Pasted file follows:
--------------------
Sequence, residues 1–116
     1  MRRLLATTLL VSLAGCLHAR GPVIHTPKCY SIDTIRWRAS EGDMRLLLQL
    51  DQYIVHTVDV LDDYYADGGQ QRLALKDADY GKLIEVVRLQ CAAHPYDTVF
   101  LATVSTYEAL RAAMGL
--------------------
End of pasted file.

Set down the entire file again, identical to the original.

Sequence, residues 1–116
     1  MRRLLATTLL VSLAGCLHAR GPVIHTPKCY SIDTIRWRAS EGDMRLLLQL
    51  DQYIVHTVDV LDDYYADGGQ QRLALKDADY GKLIEVVRLQ CAAHPYDTVF
   101  LATVSTYEAL RAAMGL